Through the Surveyor 3 and 7, and Apollo 11-17 missions a knowledge of the mechanical properties of Lunar regolith were gained. These properties, including material cohesion, friction, in-situ density, grain-size distribution and shape, and porosity, were determined by indirect means of trenching, penetration, and vane shear testing. Several of these properties were shown to be significantly different from those of terrestrial soils, such as an interlocking cohesion and tensile strength formed in the absence of moisture and particle cementation. To characterize the strength and deformation properties of Lunar regolith experiments have been conducted on a lunar soil simulant at various initial densities, fabric arrangements, and composition. These experiments included conventional triaxial compression and extension, direct tension, and combined tension-shear. Experiments have been conducted at low levels of effective confining stress. External conditions such as membrane induced confining stresses, end platten friction and material self weight have been shown to have a dramatic effect on the strength properties at low levels of confining stress. The solution has been to treat these external conditions and the specimen as a full-fledged boundary value problem rather than the idealized elemental cube of mechanics. Centrifuge modeling allows for the study of Lunar soil-structure interaction problems. In recent years centrifuge modeling has become an important tool for modeling processes that are dominated by gravity and for verifying analysis procedures and studying deformation and failure modes. Centrifuge modeling is well established for terrestrial enginering and applies equally as well to Lunar engineering. A brief review of the experiments is presented in graphic and outline form.
Development of a Cardiovascular Simulator for Studying Pulse Diagnosis Mechanisms
Directory of Open Access Journals (Sweden)
Min Jang
2017-01-01
Full Text Available This research was undertaken to develop a cardiovascular simulator for use in the study of pulse diagnosis. The physical (i.e., pulse wave transmission and reflection and physiological (i.e., systolic and diastolic pressure, pulse pressure, and mean pressure characteristics of the radial pulse wave were reproduced by our simulator. The simulator consisted of an arterial component and a pulse-generating component. Computer simulation was used to simplify the arterial component while maintaining the elastic modulus and artery size. To improve the reflected wave characteristics, a palmar arch was incorporated within the simulator. The simulated radial pulse showed good agreement with clinical data.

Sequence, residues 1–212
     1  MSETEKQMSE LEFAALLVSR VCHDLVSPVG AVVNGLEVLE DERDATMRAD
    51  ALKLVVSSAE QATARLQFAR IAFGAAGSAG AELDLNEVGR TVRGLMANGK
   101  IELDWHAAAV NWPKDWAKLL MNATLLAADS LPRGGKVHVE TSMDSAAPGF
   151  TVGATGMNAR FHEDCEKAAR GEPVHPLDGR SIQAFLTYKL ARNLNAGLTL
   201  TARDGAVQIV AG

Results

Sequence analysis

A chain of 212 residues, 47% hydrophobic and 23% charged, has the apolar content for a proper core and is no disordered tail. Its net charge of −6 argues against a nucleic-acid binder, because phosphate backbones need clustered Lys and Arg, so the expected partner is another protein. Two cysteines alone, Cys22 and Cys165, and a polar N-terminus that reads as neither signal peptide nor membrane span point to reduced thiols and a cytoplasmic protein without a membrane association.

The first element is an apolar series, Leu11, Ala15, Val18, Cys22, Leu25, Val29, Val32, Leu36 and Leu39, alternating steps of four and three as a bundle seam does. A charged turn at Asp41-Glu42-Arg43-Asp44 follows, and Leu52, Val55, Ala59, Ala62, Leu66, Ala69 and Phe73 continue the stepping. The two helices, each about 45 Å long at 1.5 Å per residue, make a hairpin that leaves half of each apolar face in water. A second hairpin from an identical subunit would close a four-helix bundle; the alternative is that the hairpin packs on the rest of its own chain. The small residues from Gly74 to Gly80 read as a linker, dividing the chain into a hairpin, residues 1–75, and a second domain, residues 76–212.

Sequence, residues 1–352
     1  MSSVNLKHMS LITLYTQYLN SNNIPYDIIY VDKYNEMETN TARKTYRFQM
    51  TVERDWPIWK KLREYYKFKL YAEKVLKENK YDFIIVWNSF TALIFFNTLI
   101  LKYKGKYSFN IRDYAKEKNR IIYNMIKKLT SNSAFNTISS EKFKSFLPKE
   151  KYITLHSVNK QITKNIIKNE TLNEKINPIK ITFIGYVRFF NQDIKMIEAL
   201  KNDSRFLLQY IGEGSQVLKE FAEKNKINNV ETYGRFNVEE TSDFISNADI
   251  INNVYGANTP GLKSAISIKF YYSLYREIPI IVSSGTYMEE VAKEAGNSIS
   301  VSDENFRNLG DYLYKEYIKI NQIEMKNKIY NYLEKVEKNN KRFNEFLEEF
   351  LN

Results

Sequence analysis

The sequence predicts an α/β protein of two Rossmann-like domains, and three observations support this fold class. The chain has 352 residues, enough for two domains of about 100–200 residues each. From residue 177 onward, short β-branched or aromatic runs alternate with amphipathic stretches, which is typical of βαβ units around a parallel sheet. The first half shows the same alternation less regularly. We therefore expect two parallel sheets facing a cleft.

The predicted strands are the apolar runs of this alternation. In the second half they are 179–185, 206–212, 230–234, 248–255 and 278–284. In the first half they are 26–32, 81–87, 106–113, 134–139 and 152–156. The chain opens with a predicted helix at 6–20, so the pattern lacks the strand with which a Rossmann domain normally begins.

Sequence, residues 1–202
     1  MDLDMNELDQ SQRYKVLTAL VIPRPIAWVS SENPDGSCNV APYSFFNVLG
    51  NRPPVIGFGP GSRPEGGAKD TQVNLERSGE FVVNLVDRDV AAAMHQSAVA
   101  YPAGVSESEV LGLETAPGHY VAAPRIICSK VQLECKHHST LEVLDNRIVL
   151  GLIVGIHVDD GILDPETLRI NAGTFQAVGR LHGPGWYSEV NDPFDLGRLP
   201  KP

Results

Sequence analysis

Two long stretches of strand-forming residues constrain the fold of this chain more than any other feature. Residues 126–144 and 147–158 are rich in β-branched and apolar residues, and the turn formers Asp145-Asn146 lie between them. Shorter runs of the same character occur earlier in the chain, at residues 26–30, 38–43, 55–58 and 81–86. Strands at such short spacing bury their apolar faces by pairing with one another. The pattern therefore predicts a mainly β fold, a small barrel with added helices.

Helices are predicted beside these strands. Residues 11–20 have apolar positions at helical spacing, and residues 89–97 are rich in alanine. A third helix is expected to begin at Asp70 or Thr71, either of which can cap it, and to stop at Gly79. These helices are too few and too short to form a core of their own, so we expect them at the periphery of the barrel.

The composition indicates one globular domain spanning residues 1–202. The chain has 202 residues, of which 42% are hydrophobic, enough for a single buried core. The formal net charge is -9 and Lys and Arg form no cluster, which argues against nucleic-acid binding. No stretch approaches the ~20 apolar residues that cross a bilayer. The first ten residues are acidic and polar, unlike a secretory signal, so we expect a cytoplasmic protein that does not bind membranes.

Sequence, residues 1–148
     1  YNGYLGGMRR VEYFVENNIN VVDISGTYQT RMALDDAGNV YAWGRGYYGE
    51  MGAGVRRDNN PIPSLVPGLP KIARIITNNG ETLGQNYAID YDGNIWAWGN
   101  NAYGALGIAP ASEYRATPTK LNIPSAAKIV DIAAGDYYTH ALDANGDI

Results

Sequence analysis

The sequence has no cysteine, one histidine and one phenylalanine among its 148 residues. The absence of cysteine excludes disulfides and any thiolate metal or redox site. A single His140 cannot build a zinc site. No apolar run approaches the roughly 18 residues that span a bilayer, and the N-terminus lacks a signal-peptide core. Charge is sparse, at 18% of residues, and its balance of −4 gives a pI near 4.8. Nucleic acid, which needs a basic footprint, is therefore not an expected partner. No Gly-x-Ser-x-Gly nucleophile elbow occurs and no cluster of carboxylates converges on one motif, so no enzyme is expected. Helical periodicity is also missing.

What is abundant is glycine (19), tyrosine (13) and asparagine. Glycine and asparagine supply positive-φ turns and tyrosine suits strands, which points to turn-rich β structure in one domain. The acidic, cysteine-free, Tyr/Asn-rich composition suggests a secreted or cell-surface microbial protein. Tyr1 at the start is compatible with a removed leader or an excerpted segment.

Points-Based Safe Path Planning of Continuum Robots
Directory of Open Access Journals (Sweden)
Khuram Shahzad
2015-07-01
Full Text Available Continuum robots exhibit great potential in a number of challenging applications where traditional rigid link robots pose certain limitations, e.g., working in unstructured environments. In order to enable the usage of continuum robots in safety-critical applications, such as surgery and nuclear decontamination, it is extremely important to ensure a safe path for the robot's movement. Existing algorithms for continuum robot path planning have certain limitations that need to be addressed. These include the fact that none of the algorithms provide safety assurance parameters and control for path planning. They are computationally expensive, applicable to a specific type of continuum robots, and mostly they do not incorporate design and kinematics constraints. In this paper, we propose a points-based path planning (PoPP algorithm for continuum robots that computes the path by imposing safety constraints and improves upon the limitations of existing approaches. In the algorithm, we exploit the constant curvature-bending property of continuum robots in their path planning process. The algorithm is computationally efficient and provides a good tradeoff between accuracy and efficiency that can be implemented to enable the safety-critical application of continuum robots. This algorithm also provides information regarding path volume and flexibility in movement. Simulation results confirm that the algorithm possesses promising potential for all types of continuum robots (following the constant curvature-bending property. We believe that this effectively balances the desired safety and efficiency requirements.
Electrostatic mechanism of nucleosomal array folding revealed by computer simulation.
Sun, Jian; Zhang, Qing; Schlick, Tamar
2005-06-07
Although numerous experiments indicate that the chromatin fiber displays salt-dependent conformations, the associated molecular mechanism remains unclear. Here, we apply an irregular Discrete Surface Charge Optimization (DiSCO) model of the nucleosome with all histone tails incorporated to describe by Monte Carlo simulations salt-dependent rearrangements of a nucleosomal array with 12 nucleosomes. The ensemble of nucleosomal array conformations display salt-dependent condensation in good agreement with hydrodynamic measurements and suggest that the array adopts highly irregular 3D zig-zag conformations at high (physiological) salt concentrations and transitions into the extended "beads-on-a-string" conformation at low salt. Energy analyses indicate that the repulsion among linker DNA leads to this extended form, whereas internucleosome attraction drives the folding at high salt. The balance between these two contributions determines the salt-dependent condensation. Importantly, the internucleosome and linker DNA-nucleosome attractions require histone tails; we find that the H3 tails, in particular, are crucial for stabilizing the moderately folded fiber at physiological monovalent salt.